That sense of being viewed and that sense of being public and no longer private is really an interesting thing for me. The whole idea of where is the public, where is the private, has really blurred. For me the sexuality is just because it’s a part of my life; it’s a part of everybody’s life. The intensity of sexuality is a huge motivator and fabulous thing in the world. It turns into lots of negative aspects, but the underlying aspect of it is procreation and we’re genetically wired to procreate. The power of sexuality is strong in all of us and it’s fascinating, for example, take Hollywood and I think it was Jack Nicholson who said this: “You can slash a tit, and its PG, but show a tit and it’s R-rated.” We’re OK with extreme violence but we’re not OK with ourselves as being sexual. It’s definitely an aspect of the work.

DK—How long have these concepts been ticking in your mind, BP, because I would have never identified you as this kind of artist before.

BL—This is going back to what I used to paint when I was an art student 20 years ago, but in a very different way. When I was an art student I was very interested in what was around me, and I was dealing with my life, and sexuality plays a big part in everybody’s life, and that played a big part in the artwork that I was doing. Now, 20 years down the road, I’m in a situation where I just feel like I don’t give a shit about what anybody else thinks about the work, which is so freeing. I can paint what I want. I just want to create images that resonate and deal with what I’m experiencing.
There’s a work of mine where there’s a pickup truck and a tailgate party, and the inspiration for that came from a horrific story that I heard. It’s a news story about these kids who were driving to the airport and they were being tailgated by this pickup truck, so they pull up on the side of the road and got out of their car and the guy in the truck turned around. It was a road rage situation. He zoomed at these young guys in their twenties and one of them jumped out of the way, but one of them didn’t and he was killed. That instance of road rage kind of really sparks something for me. The ability to be so un-empathetic that you don’t think that in your rage you’re possible going to impact somebody’s life.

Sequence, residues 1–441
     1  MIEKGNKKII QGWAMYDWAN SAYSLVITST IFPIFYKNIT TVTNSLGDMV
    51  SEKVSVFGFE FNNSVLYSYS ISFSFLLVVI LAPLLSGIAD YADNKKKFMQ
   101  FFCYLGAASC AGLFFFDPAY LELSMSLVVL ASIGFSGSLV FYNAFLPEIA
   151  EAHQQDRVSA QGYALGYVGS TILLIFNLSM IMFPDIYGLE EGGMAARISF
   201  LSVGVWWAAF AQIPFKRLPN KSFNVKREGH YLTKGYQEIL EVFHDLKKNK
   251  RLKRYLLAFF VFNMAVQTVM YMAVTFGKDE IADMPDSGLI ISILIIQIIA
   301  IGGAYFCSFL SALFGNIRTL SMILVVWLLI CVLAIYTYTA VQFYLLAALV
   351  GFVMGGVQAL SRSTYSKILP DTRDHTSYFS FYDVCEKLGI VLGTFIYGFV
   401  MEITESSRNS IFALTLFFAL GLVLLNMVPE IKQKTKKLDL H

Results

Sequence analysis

That’s one of the things that I really like about the way I’m working right now is that the paintings start off with this glimmer of an idea and then they build into their own thing. So that started off as truck hitting somebody and then it turned into this whole other spectacle. Within that there’s a dog growling, and there’s somebody beating this person and it’s me responding to the stimuli that I see in the world. That’s the way I want to be able to work. Absorbing everything that I have or that we experience and turning it into its own story. You create two figures on a canvas and there’s a narrative that develops just because of the figures existing. And I love being able to just stand aside and let it unconsciously develop into its own thing. The freedom to be able to let that happen, to be able to create an open-ended image, is a real strength of painting, in the sense that it’s only up to your imagination and then the imagination of the viewer.

DK—You definitely have to wonder about the power of imagination. In the news we hear about exceptionally horrific and tragic events and then, thanks to ultra-violent movies, it’s almost as if when we hear about an act of violence our mind expands into further detail about it.

BL—It’s so fascinating that we, as a society, bring the worst-case scenarios into our living room every dayI don’t actually understand that. I absorb it, I’m part of it too, but why is it that the major information we get about the world is the worst-case stories out there?

DK—Maybe it’s because our nature is to prepare ourselves for these things. I think it’s a natural reflex, a defense mechanism.

BL—I agree with you. If you look at our evolution, the point we are at now in our evolution as civilized human beings, what is it, like one per cent of our evolution from primitive man to now, we carry so much with us that is influencing how we are looking at the world. We think we’re so sophisticated, and we are sophisticated, and so technologically advanced, but at the same time we’re still afraid of the dark. The way we were hiding in caves, telling stories in the flicker of candlelight, and drawing buffalos on the walls. In my mind, that’s really what our core carries, so no wonder we’re fascinated by the dark and by the evil and by the unknown.